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<P>Check your contract if there is one. But beware.... Police cannot get involed in civil litigation at any level. If you have items that belong to the company that you were working for and now you are holding them for leverage, you more than likely are violating the law in that state, though it may be civil, you can't hold items as a bargaining tool to get what you want. Again I would contact the Better business bureau and that states attorney generals office. The attorney generals office does deal with company and corporate fraud cases, though you were told by a previous writer that they don't get involved in these matters. They will also tell you the best course of action to take and may even give you some phone numbers of persons to contact. If it were me, I would contacting the local legislator for that area and let him/her know whats going on and work your way up the ladder. Politicians don't like getting pressure from the public. I'm sure a fair remedy can be worked out. You have something they want back and they have something you want a <STRONG>CHECK&nbsp;</STRONG>for your services. Give it a shot</P>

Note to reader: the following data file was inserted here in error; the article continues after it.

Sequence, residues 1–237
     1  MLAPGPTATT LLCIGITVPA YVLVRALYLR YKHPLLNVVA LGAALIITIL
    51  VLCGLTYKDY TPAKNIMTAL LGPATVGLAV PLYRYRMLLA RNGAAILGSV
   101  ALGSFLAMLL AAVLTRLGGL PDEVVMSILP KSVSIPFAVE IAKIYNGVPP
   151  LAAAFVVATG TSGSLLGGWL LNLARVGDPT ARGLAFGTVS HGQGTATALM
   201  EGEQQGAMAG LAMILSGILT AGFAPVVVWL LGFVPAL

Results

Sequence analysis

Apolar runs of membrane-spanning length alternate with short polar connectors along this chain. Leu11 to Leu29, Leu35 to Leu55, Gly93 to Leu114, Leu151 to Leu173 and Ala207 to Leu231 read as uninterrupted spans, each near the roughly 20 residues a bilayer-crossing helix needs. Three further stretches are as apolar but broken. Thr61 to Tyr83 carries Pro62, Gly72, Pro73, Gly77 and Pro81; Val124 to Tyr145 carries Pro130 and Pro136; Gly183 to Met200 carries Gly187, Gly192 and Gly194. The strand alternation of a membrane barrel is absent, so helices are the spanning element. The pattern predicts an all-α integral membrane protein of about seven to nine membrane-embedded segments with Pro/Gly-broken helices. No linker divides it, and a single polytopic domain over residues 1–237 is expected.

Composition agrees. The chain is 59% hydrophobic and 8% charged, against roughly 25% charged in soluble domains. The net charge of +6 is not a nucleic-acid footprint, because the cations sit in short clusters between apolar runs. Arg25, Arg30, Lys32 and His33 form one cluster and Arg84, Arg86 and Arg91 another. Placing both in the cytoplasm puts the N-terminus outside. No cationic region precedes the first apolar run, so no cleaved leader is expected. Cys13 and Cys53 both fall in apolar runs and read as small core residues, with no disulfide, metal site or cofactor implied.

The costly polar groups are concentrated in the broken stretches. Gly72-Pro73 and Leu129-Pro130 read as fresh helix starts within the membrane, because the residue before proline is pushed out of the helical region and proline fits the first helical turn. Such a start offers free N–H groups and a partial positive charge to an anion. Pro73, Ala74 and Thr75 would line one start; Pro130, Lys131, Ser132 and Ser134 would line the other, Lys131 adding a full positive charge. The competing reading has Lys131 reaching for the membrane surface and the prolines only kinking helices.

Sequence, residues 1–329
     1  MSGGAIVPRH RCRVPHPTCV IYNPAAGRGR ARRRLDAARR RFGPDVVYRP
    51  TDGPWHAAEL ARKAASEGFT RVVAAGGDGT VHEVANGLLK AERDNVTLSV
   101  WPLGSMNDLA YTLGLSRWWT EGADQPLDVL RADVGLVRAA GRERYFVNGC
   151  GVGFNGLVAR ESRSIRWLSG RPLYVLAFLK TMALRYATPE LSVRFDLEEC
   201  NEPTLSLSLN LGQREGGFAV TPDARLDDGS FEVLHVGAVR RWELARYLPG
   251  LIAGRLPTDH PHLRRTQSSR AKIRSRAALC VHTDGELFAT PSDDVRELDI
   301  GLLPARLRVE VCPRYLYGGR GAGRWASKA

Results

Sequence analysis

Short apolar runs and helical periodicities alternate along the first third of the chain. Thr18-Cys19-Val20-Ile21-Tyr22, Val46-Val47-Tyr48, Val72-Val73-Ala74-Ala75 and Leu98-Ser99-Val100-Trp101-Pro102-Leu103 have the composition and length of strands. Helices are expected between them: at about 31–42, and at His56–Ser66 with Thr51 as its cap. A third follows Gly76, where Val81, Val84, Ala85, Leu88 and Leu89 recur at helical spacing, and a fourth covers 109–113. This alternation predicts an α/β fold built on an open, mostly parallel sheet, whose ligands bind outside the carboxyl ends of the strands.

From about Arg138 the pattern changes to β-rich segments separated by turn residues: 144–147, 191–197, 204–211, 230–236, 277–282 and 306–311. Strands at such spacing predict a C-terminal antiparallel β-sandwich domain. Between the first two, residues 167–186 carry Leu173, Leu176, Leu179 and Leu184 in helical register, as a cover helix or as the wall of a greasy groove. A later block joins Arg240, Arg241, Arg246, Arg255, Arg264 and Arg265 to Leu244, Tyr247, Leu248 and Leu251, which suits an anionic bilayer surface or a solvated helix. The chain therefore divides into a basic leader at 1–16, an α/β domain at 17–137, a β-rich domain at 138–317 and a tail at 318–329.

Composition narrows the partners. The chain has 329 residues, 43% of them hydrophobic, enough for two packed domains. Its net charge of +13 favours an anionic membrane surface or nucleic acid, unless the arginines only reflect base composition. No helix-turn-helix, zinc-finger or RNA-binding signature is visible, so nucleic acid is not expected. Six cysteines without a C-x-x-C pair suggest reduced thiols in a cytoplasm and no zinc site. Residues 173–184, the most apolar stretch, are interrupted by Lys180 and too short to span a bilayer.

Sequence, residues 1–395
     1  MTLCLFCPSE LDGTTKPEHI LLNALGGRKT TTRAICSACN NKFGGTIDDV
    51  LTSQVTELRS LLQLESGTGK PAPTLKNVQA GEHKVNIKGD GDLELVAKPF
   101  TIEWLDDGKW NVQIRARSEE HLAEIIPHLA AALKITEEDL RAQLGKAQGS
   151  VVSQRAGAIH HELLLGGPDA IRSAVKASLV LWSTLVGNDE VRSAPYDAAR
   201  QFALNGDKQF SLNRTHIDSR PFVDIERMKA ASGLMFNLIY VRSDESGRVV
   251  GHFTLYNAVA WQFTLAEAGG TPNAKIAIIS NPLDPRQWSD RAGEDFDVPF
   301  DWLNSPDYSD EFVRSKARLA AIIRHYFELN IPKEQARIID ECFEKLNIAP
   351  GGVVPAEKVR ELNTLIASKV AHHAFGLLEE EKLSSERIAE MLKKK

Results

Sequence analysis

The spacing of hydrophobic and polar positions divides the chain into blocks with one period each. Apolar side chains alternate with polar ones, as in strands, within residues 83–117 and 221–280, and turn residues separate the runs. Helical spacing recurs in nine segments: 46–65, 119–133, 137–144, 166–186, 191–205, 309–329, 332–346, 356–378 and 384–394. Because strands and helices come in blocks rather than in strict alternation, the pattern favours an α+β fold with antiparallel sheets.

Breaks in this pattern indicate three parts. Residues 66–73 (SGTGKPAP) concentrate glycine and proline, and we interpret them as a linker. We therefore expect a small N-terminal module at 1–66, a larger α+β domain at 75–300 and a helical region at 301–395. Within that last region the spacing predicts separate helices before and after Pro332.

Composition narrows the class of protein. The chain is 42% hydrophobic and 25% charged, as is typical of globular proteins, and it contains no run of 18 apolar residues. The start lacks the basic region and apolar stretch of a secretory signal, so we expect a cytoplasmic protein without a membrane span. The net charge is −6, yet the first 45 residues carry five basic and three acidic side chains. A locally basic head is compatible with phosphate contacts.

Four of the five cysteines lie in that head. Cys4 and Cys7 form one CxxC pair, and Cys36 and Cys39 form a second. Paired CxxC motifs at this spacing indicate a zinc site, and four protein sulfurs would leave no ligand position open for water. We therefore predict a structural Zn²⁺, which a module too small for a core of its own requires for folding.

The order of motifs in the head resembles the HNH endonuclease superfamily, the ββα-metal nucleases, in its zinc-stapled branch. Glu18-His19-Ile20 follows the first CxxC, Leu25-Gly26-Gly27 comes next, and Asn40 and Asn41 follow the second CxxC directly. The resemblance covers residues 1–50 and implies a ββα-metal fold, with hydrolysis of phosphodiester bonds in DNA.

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<P>Lets stop slinging Ohio law around......... The incident regarding the wages did not occur within the state of Ohio, therefore the State of Ohio has no legal jurisdiction to hear the case or change it's venue. In order to sue someone you must go to where the actual person, company or corporation is established. For example, I f I live in town A and the person I am looking to sue lives in town F, 200 miles away, guess what, I have to go to Town F and file my case there, not where I live. If there was a <STRONG>"CONTRACT", </STRONG>first you must establish if it was a legal contract, then you need to determine if it was a binding contract. For example does the contract violate the law, constitutional rights, civil liberties etc, second was there a clause in the contract if you resigned, job wasn't started or completed on time etc..... another thing to remember is, if you have a civil litigation don't accept partial payment, if you do, you could under certain circumstances affect your case and jeoapordize your chances of recovering further damages.&nbsp;Call an attorney in the state where you performed this work, not one in Ohio, Ohio and Texas laws are different. Theft of services does not apply here if there was a contract. Theft of services would be for example I have a cab pick me up at my house and tell him to drive me some place, we get there and I get out of the cab and walk away without paying. A service was performed here, thus a livery service for hire, picked me up and brought me to my destination. I don't pay, boom, theft of services. You had a&nbsp;contract or something in writing I hope, about the job you were to perform, where, when and how it was to be completed. In return for your expertise and labor you would be compensated in a certain, hopefully in u.s. currency. Gotta read the fine print. Hope this helps.&nbsp;</P>